Looking for some ideas to inject a little life into your STEAM programming? Don’t have a lot of money to throw around? You may not know, but librarians are kind of a great resource for that. When I’m feeling run down and completely out of ideas, I like to check in with some of my favorite librarians – because chances are, at least one of them has an idea I’ve never used before, and probably never would have thought up without their input.
So if you’re feeling a little lost, check out these engineering-focused suggestions from some of the greatest librarians I know:
Kristin McWilliams, Youth Manager with Houston Public Library (TX)
“In my After School Zone, we did a zip-line challenge the kids were really into. I told them they needed to make something that could hold plastic dinosaurs and attach to the line to carry them safely down. The kids made some really creative designs using card stock, index cards, straws, pipe cleaners, craft sticks, Styrofoam cups, masking tape, paper clips and binder clips. Sometimes they need a little more guidance and direction when talking about their designs and building them, but the fourth graders I had this most recent time did really well.”
Krista Mullinnix, Youth Services Manager with Putnam County Public Library (IN)
“I got this idea from Science Buddies. We talked about skyscrapers and how engineers have to be innovative to build such tall structures to stand up against forces like gravity, environmental forces, and lateral movement from tectonic plates. And the way engineers simulate an earthquake on model buildings is by using a shake table. So we built our own shake tables using an old binder, 4 rubber balls I bought at Dollar Tree, and two rubber bands. We then built a series of Lego towers of increasing height (keeping the same base pattern) and tested them on our shake table.”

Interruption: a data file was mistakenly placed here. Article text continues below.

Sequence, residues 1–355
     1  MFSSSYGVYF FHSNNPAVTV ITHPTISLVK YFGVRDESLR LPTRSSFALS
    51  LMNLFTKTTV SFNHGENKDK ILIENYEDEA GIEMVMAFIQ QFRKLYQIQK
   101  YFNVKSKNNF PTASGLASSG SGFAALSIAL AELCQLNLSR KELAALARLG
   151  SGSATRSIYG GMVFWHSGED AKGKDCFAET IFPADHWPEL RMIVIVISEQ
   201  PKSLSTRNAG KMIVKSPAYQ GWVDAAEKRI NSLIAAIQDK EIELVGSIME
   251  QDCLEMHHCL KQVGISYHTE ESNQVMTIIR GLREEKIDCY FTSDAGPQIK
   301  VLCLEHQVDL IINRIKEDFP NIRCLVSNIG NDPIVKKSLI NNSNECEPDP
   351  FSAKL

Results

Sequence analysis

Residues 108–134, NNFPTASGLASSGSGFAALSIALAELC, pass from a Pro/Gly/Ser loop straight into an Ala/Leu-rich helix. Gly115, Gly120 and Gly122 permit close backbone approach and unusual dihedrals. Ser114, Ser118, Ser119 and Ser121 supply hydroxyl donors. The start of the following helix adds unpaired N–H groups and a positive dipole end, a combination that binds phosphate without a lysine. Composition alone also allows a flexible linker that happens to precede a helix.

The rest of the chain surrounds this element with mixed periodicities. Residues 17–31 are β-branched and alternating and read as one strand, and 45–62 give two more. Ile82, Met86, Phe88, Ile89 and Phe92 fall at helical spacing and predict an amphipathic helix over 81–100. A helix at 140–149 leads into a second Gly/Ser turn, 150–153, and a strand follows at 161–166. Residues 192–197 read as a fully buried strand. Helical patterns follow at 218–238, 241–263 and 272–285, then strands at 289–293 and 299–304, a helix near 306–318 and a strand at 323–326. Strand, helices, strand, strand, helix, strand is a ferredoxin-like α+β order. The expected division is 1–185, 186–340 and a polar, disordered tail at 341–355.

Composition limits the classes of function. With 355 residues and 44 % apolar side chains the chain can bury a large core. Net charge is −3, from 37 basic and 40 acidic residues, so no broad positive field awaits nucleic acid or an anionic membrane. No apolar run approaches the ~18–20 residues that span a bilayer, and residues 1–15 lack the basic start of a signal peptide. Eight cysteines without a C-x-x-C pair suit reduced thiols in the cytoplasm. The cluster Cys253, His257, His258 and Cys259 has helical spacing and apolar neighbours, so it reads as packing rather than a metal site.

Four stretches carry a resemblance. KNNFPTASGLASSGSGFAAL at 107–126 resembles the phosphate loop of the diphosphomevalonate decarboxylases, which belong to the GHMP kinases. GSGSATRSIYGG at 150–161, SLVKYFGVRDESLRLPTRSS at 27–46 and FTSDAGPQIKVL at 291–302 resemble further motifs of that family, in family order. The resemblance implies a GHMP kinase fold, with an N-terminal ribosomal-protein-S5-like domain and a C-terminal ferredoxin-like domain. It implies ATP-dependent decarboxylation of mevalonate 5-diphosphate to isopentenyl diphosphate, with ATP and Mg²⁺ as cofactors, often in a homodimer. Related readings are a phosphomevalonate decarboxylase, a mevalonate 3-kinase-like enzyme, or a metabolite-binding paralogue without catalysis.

Kelly Smith, Children’s Library Trainee with New York Public Library (NY)
“One of our recurring programs is called Blocks Party. It’s a building program for all ages, where we get out Legos, Duplos, Soft Blocks, and IO Blocks. IO Blocks are the most popular; they come in different shapes and colors, and the kids can construct creations of their own or use one of the IO Blocks ‘creativity cards’ to replicate a design using problem solving skills.”
Grace Zell, Senior Children’s Librarian with New York Public Library (NY)
“This was for our Busy Builders program, which is a STEAM-focused program that introduces kids to thinking like an engineer. In this lesson we discussed the engineering process and then tackled a problem. Our goal was to harvest a candy ‘pumpkin patch’ using a tool of our own design–but not our hands! Children were provided all materials (craft sticks, yarn, pipe cleaners, clothespins, binder clips, etc.) and were asked to design a harvesting tool that would move pumpkins from the patch into a separate storage receptacle. Some participants took this an extra step and built something that would harvest multiple pumpkins at one time!”
Need some more inspiration? Check out these great resources:
This post addresses the following ALSC Core Competencies: IV. Knowledge, Curation, and Management of Materials and III. Programming Skills.